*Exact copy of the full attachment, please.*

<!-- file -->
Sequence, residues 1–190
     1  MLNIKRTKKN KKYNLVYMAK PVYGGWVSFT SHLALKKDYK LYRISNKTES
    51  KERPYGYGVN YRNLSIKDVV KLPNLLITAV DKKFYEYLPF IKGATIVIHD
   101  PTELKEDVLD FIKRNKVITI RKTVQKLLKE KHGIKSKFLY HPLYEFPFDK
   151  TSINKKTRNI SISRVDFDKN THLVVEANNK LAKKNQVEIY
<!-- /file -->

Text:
Sequence, residues 1–190
     1  MLNIKRTKKN KKYNLVYMAK PVYGGWVSFT SHLALKKDYK LYRISNKTES
    51  KERPYGYGVN YRNLSIKDVV KLPNLLITAV DKKFYEYLPF IKGATIVIHD
   101  PTELKEDVLD FIKRNKVITI RKTVQKLLKE KHGIKSKFLY HPLYEFPFDK
   151  TSINKKTRNI SISRVDFDKN THLVVEANNK LAKKNQVEIY